Common decency in the courtroom

Clark County Probate Hearing Master, Wesley Yamashita,

By Perly Viasmensky

Clark County Probate Hearing Master, Wesley Yamashita,

The worst thing that could happen to anyone living in Clark County, Nevada is to encounter insensitive people such as the Public Administrator and the Probate Commissioner.
Siblings conspire to destroy the life of a third one just for greed, excessive selfishness and excessive desire for more money than is needed, which is the result of ignorance, lack of wisdom, lack of kindness and love. Insecurity, anxiety, a tendency to betray or harm others, overconfidence, and arrogance are also the result of greed.
Many people should read the book “The Wills Lawyers: Their Stories of Money, Inheritance, Greed, Family and Betrayal,” written by lawyer Les Kotzer and his partner Barry Fish. Kotzer says, “Sometimes parents themselves set the seeds of destruction of their own family by not doing proper planning. Some parents keep their heads in the sand.”
Clark County Probate Hearing Master, Wesley Yamashita, who prepares the calendar and related materials for, and conducts the once-a-week session of, Probate has the tendency to be rude and verbally abusive toward any litigant who appears before him without legal representation.
Apparently, Mr. Yamashita suffers from a strong case of Napoleon Complex and has very little respect for women, as is common for little men pretending to be giants.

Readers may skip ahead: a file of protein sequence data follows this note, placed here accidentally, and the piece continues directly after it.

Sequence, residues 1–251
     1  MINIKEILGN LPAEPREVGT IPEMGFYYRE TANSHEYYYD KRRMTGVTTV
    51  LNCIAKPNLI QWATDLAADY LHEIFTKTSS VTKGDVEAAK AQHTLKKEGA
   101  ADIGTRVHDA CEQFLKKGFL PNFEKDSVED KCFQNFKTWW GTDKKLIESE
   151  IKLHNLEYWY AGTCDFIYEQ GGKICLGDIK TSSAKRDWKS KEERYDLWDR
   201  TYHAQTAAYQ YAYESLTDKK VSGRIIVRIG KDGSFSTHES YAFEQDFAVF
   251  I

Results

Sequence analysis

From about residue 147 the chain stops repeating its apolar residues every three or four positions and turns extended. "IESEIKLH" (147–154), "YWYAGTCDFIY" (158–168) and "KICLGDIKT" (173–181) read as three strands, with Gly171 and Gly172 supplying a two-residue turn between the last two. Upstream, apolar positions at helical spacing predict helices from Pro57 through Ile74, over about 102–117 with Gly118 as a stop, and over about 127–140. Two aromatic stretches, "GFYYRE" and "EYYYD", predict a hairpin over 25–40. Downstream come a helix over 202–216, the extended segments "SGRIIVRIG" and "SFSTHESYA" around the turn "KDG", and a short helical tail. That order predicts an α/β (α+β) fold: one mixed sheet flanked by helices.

In a recent Probate case before him a woman, representing herself, in a simple way to introduce herself tried to explain that she is a cancer survivor. Mr. Yamashita abruptly interrupted the already nervous woman saying: “Do you want me to feel sorry for you just because you have cancer?”
How little this man knows about cancer survivors. The last thing cancer survivors want is pity, but they should respectfully be recognized for their courage to fight the deadly enemy that cancer is.
It’s already public knowledge that judges in Clark County don’t like people representing themselves. They are despicably rude and antagonistic with those who dare walk into a courtroom without a local attorney or even an out-of-state attorney. But Yamashita is forgetting that he is just an attorney who happens to be called Commissioner, but
he is not a judge.
That woman who had the audacity (according to Yamashita) to appear for a hearing without an attorney is not only a cancer survivor, but also a mother and her only son was murdered with a shot to the back of his head and she is still waiting to see justice from Clark County, Las Vegas Metropolitan Police, or the State of Nevada to that effect.
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Perly Viasmensky is the General Manager of the Las Vegas Tribune. She writes a weekly column in this newspaper. To contact Perly Viasmensky, email her at

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